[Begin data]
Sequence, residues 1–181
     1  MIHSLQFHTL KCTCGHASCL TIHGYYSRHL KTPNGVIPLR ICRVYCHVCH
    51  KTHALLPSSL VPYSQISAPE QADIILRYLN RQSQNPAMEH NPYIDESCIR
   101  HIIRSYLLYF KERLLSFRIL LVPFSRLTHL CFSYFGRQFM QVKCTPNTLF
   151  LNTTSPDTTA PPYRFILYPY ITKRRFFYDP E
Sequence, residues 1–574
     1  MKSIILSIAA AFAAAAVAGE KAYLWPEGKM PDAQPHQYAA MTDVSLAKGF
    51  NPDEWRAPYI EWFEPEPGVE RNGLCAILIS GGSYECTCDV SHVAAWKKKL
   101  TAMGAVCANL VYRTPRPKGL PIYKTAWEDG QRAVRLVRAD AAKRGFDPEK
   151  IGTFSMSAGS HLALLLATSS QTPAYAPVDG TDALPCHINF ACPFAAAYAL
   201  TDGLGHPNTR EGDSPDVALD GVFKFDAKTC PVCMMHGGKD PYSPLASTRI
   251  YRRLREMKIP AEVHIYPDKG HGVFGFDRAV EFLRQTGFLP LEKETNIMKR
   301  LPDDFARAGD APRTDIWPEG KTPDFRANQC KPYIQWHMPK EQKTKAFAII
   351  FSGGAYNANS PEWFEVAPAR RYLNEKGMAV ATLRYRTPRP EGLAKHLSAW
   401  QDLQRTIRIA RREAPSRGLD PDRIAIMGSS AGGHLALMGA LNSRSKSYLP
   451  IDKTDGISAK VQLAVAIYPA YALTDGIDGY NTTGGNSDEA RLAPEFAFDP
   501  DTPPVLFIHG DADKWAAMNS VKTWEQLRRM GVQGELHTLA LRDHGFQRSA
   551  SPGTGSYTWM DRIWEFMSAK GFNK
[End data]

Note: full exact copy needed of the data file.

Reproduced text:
Sequence, residues 1–181
     1  MIHSLQFHTL KCTCGHASCL TIHGYYSRHL KTPNGVIPLR ICRVYCHVCH
    51  KTHALLPSSL VPYSQISAPE QADIILRYLN RQSQNPAMEH NPYIDESCIR
   101  HIIRSYLLYF KERLLSFRIL LVPFSRLTHL CFSYFGRQFM QVKCTPNTLF
   151  LNTTSPDTTA PPYRFILYPY ITKRRFFYDP E
Sequence, residues 1–574
     1  MKSIILSIAA AFAAAAVAGE KAYLWPEGKM PDAQPHQYAA MTDVSLAKGF
    51  NPDEWRAPYI EWFEPEPGVE RNGLCAILIS GGSYECTCDV SHVAAWKKKL
   101  TAMGAVCANL VYRTPRPKGL PIYKTAWEDG QRAVRLVRAD AAKRGFDPEK
   151  IGTFSMSAGS HLALLLATSS QTPAYAPVDG TDALPCHINF ACPFAAAYAL
   201  TDGLGHPNTR EGDSPDVALD GVFKFDAKTC PVCMMHGGKD PYSPLASTRI
   251  YRRLREMKIP AEVHIYPDKG HGVFGFDRAV EFLRQTGFLP LEKETNIMKR
   301  LPDDFARAGD APRTDIWPEG KTPDFRANQC KPYIQWHMPK EQKTKAFAII
   351  FSGGAYNANS PEWFEVAPAR RYLNEKGMAV ATLRYRTPRP EGLAKHLSAW
   401  QDLQRTIRIA RREAPSRGLD PDRIAIMGSS AGGHLALMGA LNSRSKSYLP
   451  IDKTDGISAK VQLAVAIYPA YALTDGIDGY NTTGGNSDEA RLAPEFAFDP
   501  DTPPVLFIHG DADKWAAMNS VKTWEQLRRM GVQGELHTLA LRDHGFQRSA
   551  SPGTGSYTWM DRIWEFMSAK GFNK